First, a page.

Report: Tax rain, plastic bottles and plastic bags to hire more state workers

Report: Tax rain, plastic bottles and plastic bags to hire more state workers

A new report recommends taxes on plastic water bottles, plastic bags and storm water as a way to hire more state environmental regulators.

A new report from the University of Chicago recommends fees on the use of plastic shopping bags, plastic water bottles and storm water to fund more employees at the Illinois Environmental Protection Agency.

According to the researchers, the IEPA is overworked and understaffed, which makes them ineffective and poses a public health risk. The agency’s workforce fell 50% between 2003 and 2018 as federal funding fell and its regulatory responsibilities increased.

IEPA performed 81% fewer inspections of air pollution emitting facilities than it did in 2003. In addition to the staff reductions, the report states IEPA is using outdated equipment and technology.

In order to hire more IEPA workers and upgrade the technology, the report recommends three recycled ideas for taxing Illinoisans.

A “rain tax” bill was introduced in the General Assembly in January. According to House Bill 825, municipalities would be able to charge residents to offset the cost of maintaining and owning sewers. The IEPA and University of Chicago report support the concept, stating rainwater runoff contributes to increased levels of pollution.

Gov. J.B. Pritzker supported the idea of a statewide tax on plastic bags, proposing a five-cent tax in his fiscal year 2020 budget. The proposal was dropped in favor of 20 other new or increased taxes and fees approved by Pritzker in June. If Illinois were to pass a plastic bag tax, it would be the only state in the nation to do so, according to the National Conference of State Legislatures.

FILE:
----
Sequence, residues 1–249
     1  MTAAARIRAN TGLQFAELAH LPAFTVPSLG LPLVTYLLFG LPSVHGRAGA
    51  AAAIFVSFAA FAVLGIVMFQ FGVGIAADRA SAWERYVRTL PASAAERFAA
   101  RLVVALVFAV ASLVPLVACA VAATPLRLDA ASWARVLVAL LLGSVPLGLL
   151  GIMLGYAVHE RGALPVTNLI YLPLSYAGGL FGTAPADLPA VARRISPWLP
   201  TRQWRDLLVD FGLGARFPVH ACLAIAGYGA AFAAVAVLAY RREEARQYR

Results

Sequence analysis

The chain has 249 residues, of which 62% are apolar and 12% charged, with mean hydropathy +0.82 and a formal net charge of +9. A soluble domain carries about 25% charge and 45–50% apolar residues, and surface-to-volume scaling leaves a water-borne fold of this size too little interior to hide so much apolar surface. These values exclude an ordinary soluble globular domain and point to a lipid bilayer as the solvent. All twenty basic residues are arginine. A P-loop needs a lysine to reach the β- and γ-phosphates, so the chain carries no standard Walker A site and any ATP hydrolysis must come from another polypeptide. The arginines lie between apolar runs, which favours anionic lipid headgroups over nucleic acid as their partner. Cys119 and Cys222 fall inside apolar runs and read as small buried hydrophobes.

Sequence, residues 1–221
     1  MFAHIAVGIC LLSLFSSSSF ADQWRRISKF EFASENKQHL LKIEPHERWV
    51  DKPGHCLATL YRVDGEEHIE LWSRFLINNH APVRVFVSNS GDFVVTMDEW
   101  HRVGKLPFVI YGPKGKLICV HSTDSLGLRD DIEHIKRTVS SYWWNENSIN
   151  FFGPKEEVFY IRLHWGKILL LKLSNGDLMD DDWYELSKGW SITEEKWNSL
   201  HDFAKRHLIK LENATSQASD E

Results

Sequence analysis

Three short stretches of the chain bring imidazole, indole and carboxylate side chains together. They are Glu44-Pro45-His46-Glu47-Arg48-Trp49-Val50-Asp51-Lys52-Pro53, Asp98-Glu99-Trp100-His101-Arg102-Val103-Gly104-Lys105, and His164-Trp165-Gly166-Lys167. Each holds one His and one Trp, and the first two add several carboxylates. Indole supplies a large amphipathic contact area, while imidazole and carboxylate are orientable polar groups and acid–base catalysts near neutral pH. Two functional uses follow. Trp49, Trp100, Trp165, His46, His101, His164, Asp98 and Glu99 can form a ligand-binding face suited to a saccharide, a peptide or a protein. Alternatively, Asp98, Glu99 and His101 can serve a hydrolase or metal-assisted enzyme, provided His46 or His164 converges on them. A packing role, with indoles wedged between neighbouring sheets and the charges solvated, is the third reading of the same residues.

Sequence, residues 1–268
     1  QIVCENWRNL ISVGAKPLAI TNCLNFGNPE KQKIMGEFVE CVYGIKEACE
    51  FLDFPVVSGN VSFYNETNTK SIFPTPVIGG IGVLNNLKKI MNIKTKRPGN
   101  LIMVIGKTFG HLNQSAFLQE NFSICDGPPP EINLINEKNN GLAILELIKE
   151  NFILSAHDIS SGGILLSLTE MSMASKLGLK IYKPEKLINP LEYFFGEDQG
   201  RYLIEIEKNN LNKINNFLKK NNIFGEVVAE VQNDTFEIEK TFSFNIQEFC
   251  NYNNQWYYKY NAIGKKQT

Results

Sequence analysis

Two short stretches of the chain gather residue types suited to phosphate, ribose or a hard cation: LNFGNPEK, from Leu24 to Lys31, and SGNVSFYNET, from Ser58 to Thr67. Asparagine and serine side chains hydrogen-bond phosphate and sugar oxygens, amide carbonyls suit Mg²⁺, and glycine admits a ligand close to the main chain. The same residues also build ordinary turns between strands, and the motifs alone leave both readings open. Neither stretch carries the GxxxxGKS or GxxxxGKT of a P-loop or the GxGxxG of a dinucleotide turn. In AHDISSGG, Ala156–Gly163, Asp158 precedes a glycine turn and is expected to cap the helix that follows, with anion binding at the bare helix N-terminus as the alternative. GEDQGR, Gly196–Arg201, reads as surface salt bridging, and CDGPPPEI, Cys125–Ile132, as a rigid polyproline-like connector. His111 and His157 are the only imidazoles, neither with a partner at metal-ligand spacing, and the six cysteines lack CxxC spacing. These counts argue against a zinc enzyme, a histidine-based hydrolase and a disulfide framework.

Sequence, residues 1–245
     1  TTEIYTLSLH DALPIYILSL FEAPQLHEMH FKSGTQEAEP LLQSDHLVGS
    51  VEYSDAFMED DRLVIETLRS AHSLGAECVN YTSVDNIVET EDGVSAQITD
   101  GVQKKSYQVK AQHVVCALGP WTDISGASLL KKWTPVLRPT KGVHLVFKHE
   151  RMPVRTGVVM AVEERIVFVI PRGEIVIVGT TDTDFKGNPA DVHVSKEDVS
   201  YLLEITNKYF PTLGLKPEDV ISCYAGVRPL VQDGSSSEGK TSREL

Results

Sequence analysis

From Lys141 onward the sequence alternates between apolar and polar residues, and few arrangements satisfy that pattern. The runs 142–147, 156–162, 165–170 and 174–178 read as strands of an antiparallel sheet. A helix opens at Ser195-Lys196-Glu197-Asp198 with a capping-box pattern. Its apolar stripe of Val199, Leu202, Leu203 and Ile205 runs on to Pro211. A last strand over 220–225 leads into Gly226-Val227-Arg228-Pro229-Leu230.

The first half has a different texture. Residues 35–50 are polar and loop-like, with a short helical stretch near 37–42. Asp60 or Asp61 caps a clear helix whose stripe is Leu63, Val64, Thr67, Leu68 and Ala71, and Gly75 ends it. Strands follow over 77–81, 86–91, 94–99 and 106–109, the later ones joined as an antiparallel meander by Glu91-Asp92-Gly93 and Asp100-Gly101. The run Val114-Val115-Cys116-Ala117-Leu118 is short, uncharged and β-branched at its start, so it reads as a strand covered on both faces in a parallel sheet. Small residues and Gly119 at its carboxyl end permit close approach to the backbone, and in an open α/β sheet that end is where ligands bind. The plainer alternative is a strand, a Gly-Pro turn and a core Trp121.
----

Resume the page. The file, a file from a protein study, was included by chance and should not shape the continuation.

Two bills were introduced this year taxing plastic bags throughout the state. Senate Bill 1240 proposed implementing a seven-cent tax throughout the state, except in municipalities with an existing plastic bag tax. House Bill 3335 would have created a statewide 10-cent tax on plastic bags, except in the city of Chicago.

Chicago already has a 7-cent tax on plastic bags, which replaced a ban on plastic bags. The ban was considered a failure after retailers to get around the ban began using thicker “reusable” bags, which were considered worse for the environment.

The IEPA is not the only state agency that has been cut as pension costs crowd out services taxpayers expect. The state this year will spend 25.5% of its revenue on pensions as part of a record $40 billion state budget. Pension spending increased by 501% since 2000 while services have been cut by about one-third.

Government spending reflects its true priorities, so until state lawmakers agree to amend the Illinois Constitution to protect earned pension benefits while allowing changes in future, unearned benefits, pensions will be the top priority. State police protection, child death investigations, grants for impoverished college students and help for the disabled have taken heavy cuts and will continue to take a lower priority, as will spending on environmental monitoring and regulation.

More revenue has failed to fix Illinois’ fiscal problems. Until spending is addressed, taxing the rain will become yet another failed strategy and another reason Illinois can’t attract or keep young families.

Want more? Get stories like this delivered straight to your inbox.

Thank you, we'll keep you informed!